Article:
But I can’t help but feel that their failure in early 2003 to ask such questions about war with Iraq derived not so much from sloppy analysis and insufficient curiosity (though those conditions certainly existed), but rather out of an inchoate concern that honest answers to such questions would have eroded support for a war that the Post editors believed – then and somehow still – to have been not merely justified but necessary. 

My suspicions are largely confirmed by the lessons that they have drawn, so far, from the Iraq experience. These include a conviction that preventive war is still a legitimate counter-proliferation strategy. (Jeffrey Record convincingly argues otherwise here). They have learned that democracy promotion is a difficult business, but they contend that the public demands that it remain a core object of U.S. foreign policy. (The latest polling data, as reported by the Post’s own David Broder last week, refutes this claim.) The Post editors have learned that multilateralism is preferable to unilateralism (who disagrees?) but that “international law and multinational organizations” cannot “always be counted upon.” In which case, what? They don’t say. Instead they concede, “Unfortunately, none of this provides bright guidelines to make the next decisions easier…”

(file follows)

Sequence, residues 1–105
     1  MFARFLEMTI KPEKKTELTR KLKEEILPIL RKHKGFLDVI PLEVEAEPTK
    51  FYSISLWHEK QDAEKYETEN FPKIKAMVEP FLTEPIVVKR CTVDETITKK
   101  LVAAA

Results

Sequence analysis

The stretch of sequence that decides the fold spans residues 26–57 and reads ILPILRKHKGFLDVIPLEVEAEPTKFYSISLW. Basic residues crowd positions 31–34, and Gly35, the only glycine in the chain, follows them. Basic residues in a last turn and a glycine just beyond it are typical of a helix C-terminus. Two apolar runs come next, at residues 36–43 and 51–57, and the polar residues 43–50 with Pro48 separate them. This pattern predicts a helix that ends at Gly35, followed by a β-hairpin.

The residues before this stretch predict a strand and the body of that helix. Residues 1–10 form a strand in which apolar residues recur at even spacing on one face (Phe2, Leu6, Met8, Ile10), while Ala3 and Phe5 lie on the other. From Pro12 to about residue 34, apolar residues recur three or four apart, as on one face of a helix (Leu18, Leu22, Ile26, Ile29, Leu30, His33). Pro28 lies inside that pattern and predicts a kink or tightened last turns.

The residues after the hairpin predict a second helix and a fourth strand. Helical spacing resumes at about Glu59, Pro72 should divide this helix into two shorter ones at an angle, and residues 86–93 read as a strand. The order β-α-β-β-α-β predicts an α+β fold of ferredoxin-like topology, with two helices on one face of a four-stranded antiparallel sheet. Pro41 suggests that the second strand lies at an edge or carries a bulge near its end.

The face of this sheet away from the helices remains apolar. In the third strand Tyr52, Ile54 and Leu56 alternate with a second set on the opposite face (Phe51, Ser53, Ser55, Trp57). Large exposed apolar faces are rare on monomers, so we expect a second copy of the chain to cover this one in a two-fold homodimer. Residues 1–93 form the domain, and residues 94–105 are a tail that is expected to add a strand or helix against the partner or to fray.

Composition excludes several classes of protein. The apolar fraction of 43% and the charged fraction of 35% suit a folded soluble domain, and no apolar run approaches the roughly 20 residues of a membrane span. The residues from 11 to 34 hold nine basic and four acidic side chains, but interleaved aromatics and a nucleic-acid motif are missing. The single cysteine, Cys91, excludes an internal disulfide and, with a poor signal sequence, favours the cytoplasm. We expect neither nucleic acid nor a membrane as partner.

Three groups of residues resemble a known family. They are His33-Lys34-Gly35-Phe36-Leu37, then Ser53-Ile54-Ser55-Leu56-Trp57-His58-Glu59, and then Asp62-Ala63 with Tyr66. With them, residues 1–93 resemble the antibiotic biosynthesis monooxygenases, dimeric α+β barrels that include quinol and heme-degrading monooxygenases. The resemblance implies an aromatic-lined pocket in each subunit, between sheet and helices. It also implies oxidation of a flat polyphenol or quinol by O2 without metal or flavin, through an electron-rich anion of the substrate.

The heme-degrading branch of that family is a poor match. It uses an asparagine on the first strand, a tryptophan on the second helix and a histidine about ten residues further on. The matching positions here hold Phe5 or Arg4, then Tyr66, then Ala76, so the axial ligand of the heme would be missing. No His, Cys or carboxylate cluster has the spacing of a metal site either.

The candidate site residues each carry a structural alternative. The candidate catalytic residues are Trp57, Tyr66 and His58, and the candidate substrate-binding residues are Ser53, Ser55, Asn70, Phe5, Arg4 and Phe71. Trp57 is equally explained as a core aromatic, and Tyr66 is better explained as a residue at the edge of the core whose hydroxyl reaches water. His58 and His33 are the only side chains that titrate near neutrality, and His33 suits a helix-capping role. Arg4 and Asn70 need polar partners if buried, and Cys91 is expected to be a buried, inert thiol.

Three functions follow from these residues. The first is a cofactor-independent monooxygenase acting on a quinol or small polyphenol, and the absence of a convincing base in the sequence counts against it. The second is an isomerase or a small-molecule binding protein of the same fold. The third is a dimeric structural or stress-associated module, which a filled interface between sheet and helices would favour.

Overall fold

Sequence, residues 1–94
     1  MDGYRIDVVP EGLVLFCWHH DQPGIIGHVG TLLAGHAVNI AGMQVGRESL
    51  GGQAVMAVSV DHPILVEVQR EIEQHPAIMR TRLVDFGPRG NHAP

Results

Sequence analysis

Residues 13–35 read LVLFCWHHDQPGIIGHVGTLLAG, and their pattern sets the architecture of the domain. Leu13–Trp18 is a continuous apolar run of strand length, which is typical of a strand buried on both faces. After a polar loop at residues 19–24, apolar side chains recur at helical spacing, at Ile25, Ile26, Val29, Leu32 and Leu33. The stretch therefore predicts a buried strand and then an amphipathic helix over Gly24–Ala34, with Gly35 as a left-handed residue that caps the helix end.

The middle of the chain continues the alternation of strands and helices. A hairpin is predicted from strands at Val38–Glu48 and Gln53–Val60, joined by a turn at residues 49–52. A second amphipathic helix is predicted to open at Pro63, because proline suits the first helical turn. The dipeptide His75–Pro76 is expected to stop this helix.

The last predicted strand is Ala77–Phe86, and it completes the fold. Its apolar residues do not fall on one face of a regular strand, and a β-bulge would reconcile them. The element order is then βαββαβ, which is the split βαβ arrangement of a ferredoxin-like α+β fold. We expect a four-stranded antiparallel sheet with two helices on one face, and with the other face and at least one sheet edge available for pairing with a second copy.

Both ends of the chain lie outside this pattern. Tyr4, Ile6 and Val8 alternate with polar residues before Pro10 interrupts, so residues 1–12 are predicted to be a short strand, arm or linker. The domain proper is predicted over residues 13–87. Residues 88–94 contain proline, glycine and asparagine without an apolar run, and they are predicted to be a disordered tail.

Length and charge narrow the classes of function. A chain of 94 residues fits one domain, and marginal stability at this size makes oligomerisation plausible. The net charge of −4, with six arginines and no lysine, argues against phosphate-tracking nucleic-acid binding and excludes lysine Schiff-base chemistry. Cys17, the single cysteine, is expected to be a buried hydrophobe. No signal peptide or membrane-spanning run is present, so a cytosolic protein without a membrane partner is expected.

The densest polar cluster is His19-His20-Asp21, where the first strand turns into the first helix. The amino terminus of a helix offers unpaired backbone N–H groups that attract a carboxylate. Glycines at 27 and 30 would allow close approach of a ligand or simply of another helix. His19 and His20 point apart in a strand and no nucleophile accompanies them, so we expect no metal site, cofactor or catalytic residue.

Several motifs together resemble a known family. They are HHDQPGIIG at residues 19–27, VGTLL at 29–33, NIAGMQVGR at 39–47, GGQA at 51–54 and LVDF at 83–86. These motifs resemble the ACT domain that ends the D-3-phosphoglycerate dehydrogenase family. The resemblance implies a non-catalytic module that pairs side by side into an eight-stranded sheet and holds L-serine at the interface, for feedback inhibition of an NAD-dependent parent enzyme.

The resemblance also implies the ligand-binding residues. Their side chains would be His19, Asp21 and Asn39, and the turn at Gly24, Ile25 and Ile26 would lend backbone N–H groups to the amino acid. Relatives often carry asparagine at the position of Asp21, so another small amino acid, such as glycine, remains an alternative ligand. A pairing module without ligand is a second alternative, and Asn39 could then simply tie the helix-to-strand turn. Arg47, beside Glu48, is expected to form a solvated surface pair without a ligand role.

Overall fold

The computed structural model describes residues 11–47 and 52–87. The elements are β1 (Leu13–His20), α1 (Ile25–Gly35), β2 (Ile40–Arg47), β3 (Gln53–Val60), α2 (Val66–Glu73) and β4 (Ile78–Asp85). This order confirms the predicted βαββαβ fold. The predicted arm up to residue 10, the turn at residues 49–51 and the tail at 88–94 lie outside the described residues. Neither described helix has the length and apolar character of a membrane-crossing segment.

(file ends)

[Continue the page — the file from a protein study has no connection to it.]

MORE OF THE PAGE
But there is and should be a bright guideline for future military interventions, and it is nicely encapsulated in the final line of Ted Carpenter’s latest Policy Analysis: “Launching an elective war in pursuit of a nationbuilding chimera was an act of folly. It is a folly [U.S. policymakers] should vow never to repeat in any other country.”

It is clear that millions of Americans who supported the war in March 2003 on the erroneous belief that the war would be cheap, easy, and decisive, have since changed their mind. Knowing what they do now, most Americans believe that the war was a tragic mistake, a bad idea at the outset, made worse by the many errors committed by the Bush administration along the way.

The editors of the Post, apparently, have not learned this central lesson. And they, therefore, can be expected to support more elective wars in the future.

The New Warhawk Talking Points

Last night I caught a fair and balanced Fox News “All Stars” panel on Iraq featuring war partisans Fred Barnes and Morton Kondracke as well as a journalist named Nina Easton and Brit Hume.

In the course of climbing over Barnes to snark the Democrats’ failed attempt to get U.S. troops out of Iraq, Kondracke made this claim:

[I]f all combat troops are out by the end of 2008, how can we possibly deal with the al Qaeda threat? Al Qaeda’s got somewhere between 5,000 and 25,000 hardened killers running at about in Anbar Provinces and Diyala Province and parts of Baghdad, and who’s going to fight them…?(emphasis mine)